Is My Child a Late Bloomer Or Is It A Language Problem? Speech Therapists Weigh In.
All children develop at their own pace and in their own way, each displaying their own strengths. This is as true for speech and language development as it is for anything else. But while the traditional wisdom when it came to late talkers was to simply wait-and-see, medical professionals are increasingly urge parents to have their kids evaluated sooner than later. Our Fort Myers speech therapists encourage the same, knowing that while some kids really are late bloomers, a language problem becomes more difficult to correct the longer you wait.
Sometimes, this message can get a bit muddied when reports of some studies, such as one published by The American Academy of Pediatrics, are reported under headlines such as, “Late Talkers Do Fine as They Grow Up.” This ends up giving many parents a false sense of assurance. That study tended to show little to no lasting behavior or emotional problems associated with late-talking toddlers by age 5. However, it didn’t assess the language outcomes, so it’s a leap to say those kids went on to be “fine.”
Somewhere between 70 percent and 80 percent of toddlers who talk late will outgrow that language delay – but only if it is an expressive language delay (difficulties with verbal and written expression). Those with receptive language delays (understanding what is being said to them) may have a more difficult time. What our speech therapists want parents to bear in mind is that while many toddlers will outgrow a language delay, 20 percent to 30 percent will not – unless they have access to early intervention like speech therapy.
What’s more: We don’t know which children are going to catch up and which will continue to fall behind if they don’t get help. Long-term, language delays can mean problems reading and writing as well as developing and maintaining positive relationships. Initiating speech therapy for a child who may ultimately catch up won’t hurt (and you’ll know soon enough if they do). However, our speech therapists know that waiting on early intervention for a child who needs it only compounds the issue and leaves a child further behind than they would have been.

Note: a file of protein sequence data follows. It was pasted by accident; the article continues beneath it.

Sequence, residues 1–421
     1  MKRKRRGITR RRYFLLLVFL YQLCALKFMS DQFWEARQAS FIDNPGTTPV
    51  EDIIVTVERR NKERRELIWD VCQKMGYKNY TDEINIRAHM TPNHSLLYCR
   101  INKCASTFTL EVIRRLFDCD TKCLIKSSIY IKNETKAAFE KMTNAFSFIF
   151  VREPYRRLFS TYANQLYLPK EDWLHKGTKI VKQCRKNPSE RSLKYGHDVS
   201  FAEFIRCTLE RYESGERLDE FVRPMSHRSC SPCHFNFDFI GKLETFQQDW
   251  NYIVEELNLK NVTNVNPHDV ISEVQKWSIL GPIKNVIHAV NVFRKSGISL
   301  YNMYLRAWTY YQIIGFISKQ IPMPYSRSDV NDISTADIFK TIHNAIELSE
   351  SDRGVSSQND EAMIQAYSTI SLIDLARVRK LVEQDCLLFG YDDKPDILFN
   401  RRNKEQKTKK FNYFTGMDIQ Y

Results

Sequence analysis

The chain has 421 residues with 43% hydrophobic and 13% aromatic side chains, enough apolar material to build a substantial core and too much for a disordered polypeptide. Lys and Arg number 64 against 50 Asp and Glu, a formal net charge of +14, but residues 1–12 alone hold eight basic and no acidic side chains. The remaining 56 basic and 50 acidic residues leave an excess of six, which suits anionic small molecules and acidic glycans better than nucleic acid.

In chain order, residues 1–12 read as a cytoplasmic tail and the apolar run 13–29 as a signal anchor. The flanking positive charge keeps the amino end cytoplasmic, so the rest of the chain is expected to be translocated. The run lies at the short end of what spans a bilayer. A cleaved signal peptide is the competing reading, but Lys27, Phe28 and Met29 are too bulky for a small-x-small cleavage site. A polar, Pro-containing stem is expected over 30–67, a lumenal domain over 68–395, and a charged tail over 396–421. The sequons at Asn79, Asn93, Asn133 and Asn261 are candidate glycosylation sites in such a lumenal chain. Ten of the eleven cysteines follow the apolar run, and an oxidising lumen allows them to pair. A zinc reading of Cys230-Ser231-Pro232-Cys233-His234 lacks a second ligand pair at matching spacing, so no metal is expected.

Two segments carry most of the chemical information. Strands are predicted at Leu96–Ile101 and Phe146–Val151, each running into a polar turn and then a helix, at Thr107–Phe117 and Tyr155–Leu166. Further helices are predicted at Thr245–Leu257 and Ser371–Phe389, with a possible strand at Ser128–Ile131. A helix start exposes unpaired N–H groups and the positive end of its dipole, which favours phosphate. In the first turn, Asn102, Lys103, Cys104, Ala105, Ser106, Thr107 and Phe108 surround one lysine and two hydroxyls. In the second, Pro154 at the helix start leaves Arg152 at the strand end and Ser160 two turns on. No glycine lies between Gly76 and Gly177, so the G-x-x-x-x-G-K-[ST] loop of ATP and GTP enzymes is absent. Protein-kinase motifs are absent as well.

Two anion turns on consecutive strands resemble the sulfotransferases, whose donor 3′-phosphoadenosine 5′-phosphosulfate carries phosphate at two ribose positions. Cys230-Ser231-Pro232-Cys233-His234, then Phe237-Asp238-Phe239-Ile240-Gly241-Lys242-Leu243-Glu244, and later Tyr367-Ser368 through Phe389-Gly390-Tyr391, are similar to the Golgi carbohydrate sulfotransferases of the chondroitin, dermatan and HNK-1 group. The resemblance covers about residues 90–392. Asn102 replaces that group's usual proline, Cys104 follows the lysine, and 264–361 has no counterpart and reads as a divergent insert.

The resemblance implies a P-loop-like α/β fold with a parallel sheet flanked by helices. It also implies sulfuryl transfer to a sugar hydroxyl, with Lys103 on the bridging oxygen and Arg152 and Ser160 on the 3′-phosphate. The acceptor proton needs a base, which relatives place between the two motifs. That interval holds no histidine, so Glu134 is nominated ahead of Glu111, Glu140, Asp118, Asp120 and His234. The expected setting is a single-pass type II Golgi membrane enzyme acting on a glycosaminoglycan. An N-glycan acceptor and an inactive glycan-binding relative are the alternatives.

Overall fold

In fact, ample research clearly shows that the sooner a child with a speech or language delay receives help, the better off his/her long-term outcomes will be.
Speech Therapists Explain When Concern May Be Warranted
Parents should pay careful attention to a child’s speech and language development, particularly for children who are between the ages of 12-and-30-months-old.
Some of the things our FOCUS speech therapists look for in our evaluations of new patients are:
- Does the child understand language? A child will usually understand what he or she hears before they begin using words. This is what we refer to as “receptive language.” A child who does not understand what others are saying is at higher risk of long-term language delays.
- Does the child use gestures? Kids often use gestures to get their point across long before they can talk. This could be waving “hi” or “bye” or pointing to an object they want or outstretching their arms to be picked up. If your child uses a lot of gestures, it’s more probable he or she will catch up. Fewer gestures could signal a bigger problem.
- Is your child learning new words? Maybe your child is slower to talk than his or her peers, but is he or she still adding new words to their vocabulary each month? If not, this could be cause for further evaluation.
None of these questions will definitively tell our speech therapists whether your child has a speech-language delay, but they do give us a better idea. FOCUS does offer initial consultations for those who aren’t sure whether their child should be tested.
FOCUS offers pediatric speech therapy and online speech therapy for kids in Fort Myers and throughout Southwest Florida. Call (239) 313.5049 or Contact Us online.
Late Blooming or Language Problem? American Speech-Language Hearing Association
More Blog Entries:
FOCUS Now Offers Online Speech Therapy for Kids in Fort Myers, Feb. 18, 2020, Fort Myers Speech Therapists’ Blog